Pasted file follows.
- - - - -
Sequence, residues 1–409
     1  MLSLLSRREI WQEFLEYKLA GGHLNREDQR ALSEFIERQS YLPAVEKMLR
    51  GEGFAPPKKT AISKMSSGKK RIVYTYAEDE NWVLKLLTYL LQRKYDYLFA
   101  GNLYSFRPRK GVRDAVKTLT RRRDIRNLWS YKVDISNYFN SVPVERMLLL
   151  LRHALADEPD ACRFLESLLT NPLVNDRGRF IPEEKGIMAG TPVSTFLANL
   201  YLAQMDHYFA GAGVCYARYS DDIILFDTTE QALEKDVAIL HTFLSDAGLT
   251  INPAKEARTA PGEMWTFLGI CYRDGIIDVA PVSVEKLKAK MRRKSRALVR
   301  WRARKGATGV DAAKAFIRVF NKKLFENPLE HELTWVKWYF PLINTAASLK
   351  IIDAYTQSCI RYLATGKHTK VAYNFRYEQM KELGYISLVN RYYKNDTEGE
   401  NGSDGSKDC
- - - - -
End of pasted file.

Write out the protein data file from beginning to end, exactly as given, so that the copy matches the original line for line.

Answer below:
Sequence, residues 1–409
     1  MLSLLSRREI WQEFLEYKLA GGHLNREDQR ALSEFIERQS YLPAVEKMLR
    51  GEGFAPPKKT AISKMSSGKK RIVYTYAEDE NWVLKLLTYL LQRKYDYLFA
   101  GNLYSFRPRK GVRDAVKTLT RRRDIRNLWS YKVDISNYFN SVPVERMLLL
   151  LRHALADEPD ACRFLESLLT NPLVNDRGRF IPEEKGIMAG TPVSTFLANL
   201  YLAQMDHYFA GAGVCYARYS DDIILFDTTE QALEKDVAIL HTFLSDAGLT
   251  INPAKEARTA PGEMWTFLGI CYRDGIIDVA PVSVEKLKAK MRRKSRALVR
   301  WRARKGATGV DAAKAFIRVF NKKLFENPLE HELTWVKWYF PLINTAASLK
   351  IIDAYTQSCI RYLATGKHTK VAYNFRYEQM KELGYISLVN RYYKNDTEGE
   401  NGSDGSKDC